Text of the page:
The right-wing participants in Brazil’s protests are linked directly with the Koch Brothers, particularly the group, “Free Brazil Movement” (Movimento Brasil Livre—MBL). The group is also financed by Warren Buffett’s billionaire Brazilian partner, Jorge Paulo Lemann, Brazil’s wealthiest man, whose investment group owns Heinz, Budweiser, and Burger King. Lemann has avoided answering questions about his religion, choosing to call himself a “Calvinist.” However, his use of the term is in relation to his personal frugality.

Soros-backed groups have used social media to organize Brazilian celebrities to support the anti-Rousseff protests. They include the actors Caio Castro, Malvino Salvador, Marcelo Serrado, Alessandra Maestrini, singer Wanessa Camargo, and former soccer star Ronaldo (Ronaldo Luís Nazário de Lima). The Soros-backed protesters have organized under the banner of the “Come to the Street” movement. They have had a testy relationship with the Koch-backed MBL, especially over calls by the latter for the Brazilian military to overthrow Rousseff in a coup and re-introduce a military dictatorship. The Koch Brothers’ activities in Brazil also bring up charges that the two are violating the U.S. Logan Act of 1799, which prohibits Americans from engaging in their own foreign policy.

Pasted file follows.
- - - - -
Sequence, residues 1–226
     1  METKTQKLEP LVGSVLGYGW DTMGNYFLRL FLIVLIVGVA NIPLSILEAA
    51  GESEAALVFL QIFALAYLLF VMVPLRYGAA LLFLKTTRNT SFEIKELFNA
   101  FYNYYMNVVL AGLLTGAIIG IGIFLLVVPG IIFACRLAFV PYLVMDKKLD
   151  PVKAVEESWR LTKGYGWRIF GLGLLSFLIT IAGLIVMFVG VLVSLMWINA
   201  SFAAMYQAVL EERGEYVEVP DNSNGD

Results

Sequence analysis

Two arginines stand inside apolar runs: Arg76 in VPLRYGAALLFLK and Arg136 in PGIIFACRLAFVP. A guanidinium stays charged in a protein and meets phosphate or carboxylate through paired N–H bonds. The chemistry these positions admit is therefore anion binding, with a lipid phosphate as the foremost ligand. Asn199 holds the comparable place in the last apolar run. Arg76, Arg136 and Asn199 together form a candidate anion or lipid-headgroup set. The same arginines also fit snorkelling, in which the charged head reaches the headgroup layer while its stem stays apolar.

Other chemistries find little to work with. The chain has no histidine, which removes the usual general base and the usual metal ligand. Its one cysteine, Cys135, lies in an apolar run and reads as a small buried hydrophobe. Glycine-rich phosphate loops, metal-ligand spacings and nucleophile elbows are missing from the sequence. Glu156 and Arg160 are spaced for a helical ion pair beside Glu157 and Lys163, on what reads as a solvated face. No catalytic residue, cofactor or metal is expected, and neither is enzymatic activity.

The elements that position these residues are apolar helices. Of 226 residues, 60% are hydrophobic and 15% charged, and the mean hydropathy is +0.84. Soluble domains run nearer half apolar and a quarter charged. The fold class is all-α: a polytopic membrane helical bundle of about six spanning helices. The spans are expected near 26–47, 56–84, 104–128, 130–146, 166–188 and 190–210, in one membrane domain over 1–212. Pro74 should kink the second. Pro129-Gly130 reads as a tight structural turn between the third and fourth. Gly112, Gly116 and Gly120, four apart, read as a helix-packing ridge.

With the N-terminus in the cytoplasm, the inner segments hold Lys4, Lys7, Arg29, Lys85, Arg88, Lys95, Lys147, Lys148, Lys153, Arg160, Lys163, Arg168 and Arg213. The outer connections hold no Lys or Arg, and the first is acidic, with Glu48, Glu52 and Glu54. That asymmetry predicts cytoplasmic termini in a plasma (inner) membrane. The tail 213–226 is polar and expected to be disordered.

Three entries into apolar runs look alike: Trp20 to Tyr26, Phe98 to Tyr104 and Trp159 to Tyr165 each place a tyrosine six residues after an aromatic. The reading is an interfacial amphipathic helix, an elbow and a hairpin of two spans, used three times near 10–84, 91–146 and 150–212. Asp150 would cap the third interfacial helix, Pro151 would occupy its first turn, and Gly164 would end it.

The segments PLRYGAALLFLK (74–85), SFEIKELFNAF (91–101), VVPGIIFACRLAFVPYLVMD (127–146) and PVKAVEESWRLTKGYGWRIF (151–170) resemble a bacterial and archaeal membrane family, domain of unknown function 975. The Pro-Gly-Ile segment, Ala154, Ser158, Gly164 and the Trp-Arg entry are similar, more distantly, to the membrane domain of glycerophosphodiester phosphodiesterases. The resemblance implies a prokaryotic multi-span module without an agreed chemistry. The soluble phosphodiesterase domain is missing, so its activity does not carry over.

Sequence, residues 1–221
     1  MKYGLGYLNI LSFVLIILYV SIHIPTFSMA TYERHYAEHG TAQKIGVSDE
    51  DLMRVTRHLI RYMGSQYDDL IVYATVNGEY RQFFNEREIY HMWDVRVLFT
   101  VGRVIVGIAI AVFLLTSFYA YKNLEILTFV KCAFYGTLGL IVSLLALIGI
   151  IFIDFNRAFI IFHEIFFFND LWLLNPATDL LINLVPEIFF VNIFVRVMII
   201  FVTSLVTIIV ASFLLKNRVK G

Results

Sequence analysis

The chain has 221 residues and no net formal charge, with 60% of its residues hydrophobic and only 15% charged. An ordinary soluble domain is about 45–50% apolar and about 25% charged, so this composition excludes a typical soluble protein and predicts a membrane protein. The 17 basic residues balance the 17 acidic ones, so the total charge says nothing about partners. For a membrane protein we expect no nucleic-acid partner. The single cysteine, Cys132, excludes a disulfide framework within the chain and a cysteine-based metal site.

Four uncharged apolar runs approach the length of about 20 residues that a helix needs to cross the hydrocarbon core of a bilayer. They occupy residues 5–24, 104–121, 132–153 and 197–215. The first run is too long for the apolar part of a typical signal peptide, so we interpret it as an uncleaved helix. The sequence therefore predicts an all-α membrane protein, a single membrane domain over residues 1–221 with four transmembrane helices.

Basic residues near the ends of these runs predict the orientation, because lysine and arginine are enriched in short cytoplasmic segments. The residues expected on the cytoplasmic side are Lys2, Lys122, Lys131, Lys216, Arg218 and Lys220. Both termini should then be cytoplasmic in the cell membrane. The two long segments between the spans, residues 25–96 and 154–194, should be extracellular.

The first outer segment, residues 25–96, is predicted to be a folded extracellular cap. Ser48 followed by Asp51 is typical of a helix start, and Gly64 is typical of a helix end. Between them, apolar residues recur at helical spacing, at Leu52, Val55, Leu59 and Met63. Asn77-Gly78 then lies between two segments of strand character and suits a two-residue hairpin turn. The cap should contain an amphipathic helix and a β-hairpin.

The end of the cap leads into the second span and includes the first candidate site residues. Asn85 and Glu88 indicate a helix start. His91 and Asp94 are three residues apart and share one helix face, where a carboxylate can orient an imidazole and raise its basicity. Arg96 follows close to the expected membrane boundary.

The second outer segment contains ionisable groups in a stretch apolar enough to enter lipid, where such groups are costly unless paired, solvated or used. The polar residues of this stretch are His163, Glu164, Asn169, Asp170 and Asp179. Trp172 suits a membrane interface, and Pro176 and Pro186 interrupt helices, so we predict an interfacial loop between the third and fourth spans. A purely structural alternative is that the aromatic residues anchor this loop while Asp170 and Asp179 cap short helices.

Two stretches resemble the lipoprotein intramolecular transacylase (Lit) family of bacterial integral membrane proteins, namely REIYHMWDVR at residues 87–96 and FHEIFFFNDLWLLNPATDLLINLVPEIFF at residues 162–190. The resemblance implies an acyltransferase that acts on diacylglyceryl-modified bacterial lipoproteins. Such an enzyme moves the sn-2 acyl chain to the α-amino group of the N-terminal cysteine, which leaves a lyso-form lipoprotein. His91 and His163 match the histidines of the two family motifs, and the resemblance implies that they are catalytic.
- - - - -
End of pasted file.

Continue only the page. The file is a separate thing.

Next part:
MBL denies it is funded by Koch Industries but its two main principals, Fabio Ostermann, a member of the Institute of Business Studies and director of the Liberal Institute, and Rodrigo Constantino, who chairs the Liberal Institute and is a columnist for Veja magazine and a founding member of the liberal Institute Milenium (IMIL), are linked to Koch-funded think tanks in other countries, including the neocon Heritage Foundation and American Enterprise Institute in the United States. “Liberal” in the context of these Brazilian groups means “libertarian” of the Ayn Rand variety, a cause supported by the Kochs.

The same “libertarian” fingerprints have been found on staged protests in Ecuador and Argentina. The linkage of Soros and Koch Brothers overseas activities in undermining democratically-elected governments has raised alarm throughout Latin America and around the world.